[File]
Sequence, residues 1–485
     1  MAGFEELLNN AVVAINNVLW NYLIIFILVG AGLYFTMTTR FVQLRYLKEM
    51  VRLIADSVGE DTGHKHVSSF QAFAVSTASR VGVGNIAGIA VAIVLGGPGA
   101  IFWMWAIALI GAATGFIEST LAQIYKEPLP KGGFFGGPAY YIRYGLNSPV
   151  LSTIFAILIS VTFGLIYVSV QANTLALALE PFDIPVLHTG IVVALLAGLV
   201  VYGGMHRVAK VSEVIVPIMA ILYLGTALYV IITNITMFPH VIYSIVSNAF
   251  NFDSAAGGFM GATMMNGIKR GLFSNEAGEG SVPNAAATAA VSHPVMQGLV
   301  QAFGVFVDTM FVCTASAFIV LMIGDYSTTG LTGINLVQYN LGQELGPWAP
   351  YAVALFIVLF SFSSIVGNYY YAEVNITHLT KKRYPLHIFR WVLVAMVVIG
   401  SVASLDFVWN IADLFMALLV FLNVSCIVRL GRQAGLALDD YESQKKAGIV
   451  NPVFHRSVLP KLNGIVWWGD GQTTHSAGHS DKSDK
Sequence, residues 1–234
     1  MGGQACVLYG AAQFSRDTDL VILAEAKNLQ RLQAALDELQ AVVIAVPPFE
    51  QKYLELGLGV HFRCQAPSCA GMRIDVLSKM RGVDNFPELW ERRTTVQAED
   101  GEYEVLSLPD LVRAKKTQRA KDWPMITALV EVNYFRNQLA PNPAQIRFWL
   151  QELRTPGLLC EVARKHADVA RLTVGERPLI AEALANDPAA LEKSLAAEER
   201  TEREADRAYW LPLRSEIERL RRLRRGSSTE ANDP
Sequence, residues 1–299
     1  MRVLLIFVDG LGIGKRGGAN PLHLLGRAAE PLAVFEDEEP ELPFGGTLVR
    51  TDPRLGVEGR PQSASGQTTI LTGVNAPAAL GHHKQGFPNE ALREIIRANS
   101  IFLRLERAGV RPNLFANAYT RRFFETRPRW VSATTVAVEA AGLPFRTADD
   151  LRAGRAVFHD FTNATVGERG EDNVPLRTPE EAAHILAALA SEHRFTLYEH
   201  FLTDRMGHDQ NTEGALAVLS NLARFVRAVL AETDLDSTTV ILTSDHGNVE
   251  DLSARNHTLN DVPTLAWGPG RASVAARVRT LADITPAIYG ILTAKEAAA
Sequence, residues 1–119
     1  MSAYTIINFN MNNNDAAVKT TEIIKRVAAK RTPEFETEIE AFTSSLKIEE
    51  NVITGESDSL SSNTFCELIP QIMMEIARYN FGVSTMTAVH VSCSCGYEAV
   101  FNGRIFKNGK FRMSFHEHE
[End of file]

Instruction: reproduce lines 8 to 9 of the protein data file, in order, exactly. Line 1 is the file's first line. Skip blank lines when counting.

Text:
   301  QAFGVFVDTM FVCTASAFIV LMIGDYSTTG LTGINLVQYN LGQELGPWAP
   351  YAVALFIVLF SFSSIVGNYY YAEVNITHLT KKRYPLHIFR WVLVAMVVIG